Upon arriving at the elephant camp, we saw one of the elephants eating. There was a small hut that housed puppies, dogs, chickens and chicks. To begin the day, we dressed into traditional Thai garments and walked down a hill to meet three elephants; one was 40 years old, and the other two were 9 and 7, all girls. We then had the opportunity to feed them bamboo, cucumber and bananas. The trick was to say “bon,” and then they would lift up their trunk and open their mouth for us to insert the food. At first, I was nervous because of their sheer size, but they were so gentle and playful when taking the food from us. We got to hug them and touch their rough skin. One of the younger elephants was naughty and kept trying to get out to get more food. Just like humans, they all had distinct personalities.

After a nice meal, the elephants joined us in walking to a mud pit. Part of cleaning their bodies and keeping mosquitos away was to slap mud on their bodies and let it dry. We stripped down and had some fun in the mud and water. What a dream this was to be up close and personal with the elephants!

Next, we walked them down to a river and had a bath to rinse off. The three elephants jumped in the river and began rolling around to cool off and get the mud off. We joined them in the water as well. Imagine this, we 150-200 lb. humans cleansing off in a river next to 3-4 TON elephants. With any other animal I might feel more threatened of being crushed, but there is something about elephants that makes you feel safe despite their size. They are gentle, humorous animals that make a personal connection to humans. I felt their personal connection when one of the younger elephants used its trunk to spray water in my face 🙂

The elephants went back to eat more while we walked down a steep mud hill to a waterfall and cave. I spent time walking under the waterfall; the splatters on my head drowning out all sound. Many species of plants, flowers and butterflies surrounded the waterfall.

We walked back up the hill to the elephant grounds to have lunch. The buffet-style lunch included a delicious curry chicken and rice dish with fresh fruit. I sat in a hut to eat right above the elephants. In between my bites, I would feed one of the elephants watermelon and pineapple.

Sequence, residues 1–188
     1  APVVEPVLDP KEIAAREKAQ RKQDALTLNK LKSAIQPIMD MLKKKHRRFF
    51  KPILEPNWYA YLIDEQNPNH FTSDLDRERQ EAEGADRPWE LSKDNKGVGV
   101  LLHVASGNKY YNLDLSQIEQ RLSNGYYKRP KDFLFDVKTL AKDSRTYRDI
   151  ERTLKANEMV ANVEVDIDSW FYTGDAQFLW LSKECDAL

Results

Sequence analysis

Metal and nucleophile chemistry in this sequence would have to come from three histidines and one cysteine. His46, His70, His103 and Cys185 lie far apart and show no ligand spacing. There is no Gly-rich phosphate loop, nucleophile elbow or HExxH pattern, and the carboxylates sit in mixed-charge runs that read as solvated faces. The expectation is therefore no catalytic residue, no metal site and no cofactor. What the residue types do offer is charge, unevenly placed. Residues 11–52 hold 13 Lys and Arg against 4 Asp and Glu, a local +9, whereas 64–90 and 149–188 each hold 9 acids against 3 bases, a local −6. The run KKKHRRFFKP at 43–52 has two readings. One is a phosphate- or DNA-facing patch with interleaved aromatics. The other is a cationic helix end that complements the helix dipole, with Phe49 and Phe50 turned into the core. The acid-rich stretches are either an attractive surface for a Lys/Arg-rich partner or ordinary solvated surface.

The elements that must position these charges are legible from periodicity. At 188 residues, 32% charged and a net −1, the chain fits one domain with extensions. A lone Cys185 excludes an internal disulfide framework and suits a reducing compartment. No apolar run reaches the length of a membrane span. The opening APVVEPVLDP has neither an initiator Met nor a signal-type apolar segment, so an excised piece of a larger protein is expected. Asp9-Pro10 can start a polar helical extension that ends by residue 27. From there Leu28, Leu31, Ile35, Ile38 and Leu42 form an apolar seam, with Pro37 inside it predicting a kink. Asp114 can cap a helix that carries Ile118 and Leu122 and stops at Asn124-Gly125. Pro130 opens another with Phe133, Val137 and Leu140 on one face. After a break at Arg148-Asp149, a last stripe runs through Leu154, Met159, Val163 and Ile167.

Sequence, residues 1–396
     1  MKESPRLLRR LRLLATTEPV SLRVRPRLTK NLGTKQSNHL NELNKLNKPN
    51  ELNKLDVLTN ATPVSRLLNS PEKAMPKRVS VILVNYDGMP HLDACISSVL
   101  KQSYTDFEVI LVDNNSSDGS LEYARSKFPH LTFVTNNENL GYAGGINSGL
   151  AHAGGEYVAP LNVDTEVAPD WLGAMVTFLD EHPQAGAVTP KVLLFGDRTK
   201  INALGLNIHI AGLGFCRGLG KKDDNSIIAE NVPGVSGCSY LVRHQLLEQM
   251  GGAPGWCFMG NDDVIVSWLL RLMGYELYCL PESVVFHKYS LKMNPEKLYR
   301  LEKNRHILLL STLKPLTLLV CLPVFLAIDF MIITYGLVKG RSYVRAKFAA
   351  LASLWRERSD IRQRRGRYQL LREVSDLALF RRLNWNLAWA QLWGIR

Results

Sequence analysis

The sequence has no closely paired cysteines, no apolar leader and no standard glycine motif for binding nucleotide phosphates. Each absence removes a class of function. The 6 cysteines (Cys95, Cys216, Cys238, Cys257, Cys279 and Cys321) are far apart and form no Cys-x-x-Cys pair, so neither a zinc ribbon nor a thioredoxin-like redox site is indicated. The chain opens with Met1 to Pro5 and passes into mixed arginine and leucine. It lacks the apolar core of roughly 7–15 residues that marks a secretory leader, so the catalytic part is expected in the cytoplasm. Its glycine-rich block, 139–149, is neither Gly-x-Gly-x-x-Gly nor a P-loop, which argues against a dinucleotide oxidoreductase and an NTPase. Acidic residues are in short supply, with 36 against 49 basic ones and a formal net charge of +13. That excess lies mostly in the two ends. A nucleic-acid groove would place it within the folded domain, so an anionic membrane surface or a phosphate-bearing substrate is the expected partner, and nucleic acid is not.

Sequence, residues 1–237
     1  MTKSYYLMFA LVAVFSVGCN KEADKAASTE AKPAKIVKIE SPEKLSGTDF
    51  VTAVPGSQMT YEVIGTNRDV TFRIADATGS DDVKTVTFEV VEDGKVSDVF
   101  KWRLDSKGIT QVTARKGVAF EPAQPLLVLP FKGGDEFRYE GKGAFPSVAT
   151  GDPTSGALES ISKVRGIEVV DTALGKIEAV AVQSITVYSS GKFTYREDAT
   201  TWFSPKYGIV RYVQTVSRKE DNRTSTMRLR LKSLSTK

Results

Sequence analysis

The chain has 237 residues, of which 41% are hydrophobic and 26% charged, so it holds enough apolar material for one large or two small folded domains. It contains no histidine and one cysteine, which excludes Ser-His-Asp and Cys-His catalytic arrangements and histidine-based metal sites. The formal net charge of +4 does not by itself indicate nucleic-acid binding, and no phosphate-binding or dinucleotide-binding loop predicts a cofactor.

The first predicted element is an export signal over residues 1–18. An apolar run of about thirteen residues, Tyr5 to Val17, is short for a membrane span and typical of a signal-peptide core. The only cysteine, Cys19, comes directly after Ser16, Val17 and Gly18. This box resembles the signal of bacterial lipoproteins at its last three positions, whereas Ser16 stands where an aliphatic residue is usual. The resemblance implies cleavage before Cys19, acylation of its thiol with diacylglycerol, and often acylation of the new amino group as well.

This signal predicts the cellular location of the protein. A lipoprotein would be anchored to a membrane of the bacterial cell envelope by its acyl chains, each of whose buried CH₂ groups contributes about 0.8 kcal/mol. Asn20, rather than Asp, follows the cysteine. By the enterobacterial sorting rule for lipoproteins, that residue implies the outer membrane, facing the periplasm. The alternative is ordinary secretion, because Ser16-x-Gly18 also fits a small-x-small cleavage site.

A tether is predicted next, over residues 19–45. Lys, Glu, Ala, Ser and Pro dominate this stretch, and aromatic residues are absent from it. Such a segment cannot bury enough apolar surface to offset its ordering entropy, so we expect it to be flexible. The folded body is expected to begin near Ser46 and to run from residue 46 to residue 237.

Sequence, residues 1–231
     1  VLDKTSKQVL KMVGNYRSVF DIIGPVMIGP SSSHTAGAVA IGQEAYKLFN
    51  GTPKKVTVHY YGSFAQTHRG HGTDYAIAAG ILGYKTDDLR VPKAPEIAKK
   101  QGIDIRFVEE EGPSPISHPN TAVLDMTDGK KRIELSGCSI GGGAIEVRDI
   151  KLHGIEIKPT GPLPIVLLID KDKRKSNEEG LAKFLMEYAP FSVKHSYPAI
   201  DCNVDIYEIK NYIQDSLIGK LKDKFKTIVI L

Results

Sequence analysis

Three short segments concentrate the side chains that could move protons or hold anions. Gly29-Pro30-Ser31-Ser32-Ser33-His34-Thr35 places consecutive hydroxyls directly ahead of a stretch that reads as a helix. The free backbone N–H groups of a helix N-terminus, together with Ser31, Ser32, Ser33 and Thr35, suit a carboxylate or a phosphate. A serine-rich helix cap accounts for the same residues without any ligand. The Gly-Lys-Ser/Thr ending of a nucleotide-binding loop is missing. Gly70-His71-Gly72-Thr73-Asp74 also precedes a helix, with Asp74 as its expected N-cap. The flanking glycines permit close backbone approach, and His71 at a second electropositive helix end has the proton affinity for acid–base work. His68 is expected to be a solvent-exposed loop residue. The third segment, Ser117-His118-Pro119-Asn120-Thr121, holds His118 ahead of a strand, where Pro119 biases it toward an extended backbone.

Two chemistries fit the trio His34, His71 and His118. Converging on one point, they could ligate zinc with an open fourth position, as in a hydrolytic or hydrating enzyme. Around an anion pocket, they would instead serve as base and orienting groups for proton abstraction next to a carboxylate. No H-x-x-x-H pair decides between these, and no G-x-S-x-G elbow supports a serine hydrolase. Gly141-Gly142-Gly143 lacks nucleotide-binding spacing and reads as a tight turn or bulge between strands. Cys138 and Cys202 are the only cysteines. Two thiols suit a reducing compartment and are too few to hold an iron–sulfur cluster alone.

After a wonderful day up in the mountains with the elephants, we headed back down the mountain to a river as it began to downpour. The second leg of our day trip was a bamboo raft ride down a river. (Keep in mind, it is still down-pouring). We jumped on the bamboo raft (with me in the back for weight). The rain definitely helped speed up the ride. A man guiding the raft in the front would use a bamboo stick to push off of rocks. At times, I would clip rocks and plants during fast turns, but I was able to hang on! Despite the rain causing us to become prunes, it was peaceful as the rain clapped on the trees and plants.

It was time to return to Chiang Mai, and we hit rush hour on our way back to the city. Once returning home, Robyn wasn’t feeling great, so I went out alone for dinner to an open outdoor market. It was still down-pouring, and on my way out of our hotel, a Californian mom and grandma asked if they could join me in a tuk-tuk ride to the north side of the city square to eat at the market.

We arrived and I found a great place where I could get a bowl of wide rice noodles, pork, cabbage and broth with some spiciness to it. I sat under a tarp and warmed up with the soup while rainwater rushed around me. To top off the meal, I found a coconut vendor and had fresh coconut water with a straw. I walked home to the hotel in lighter rain to rest after a long day. I could now check off “a day with elephants” on my unofficial list of “must-do’s” in life.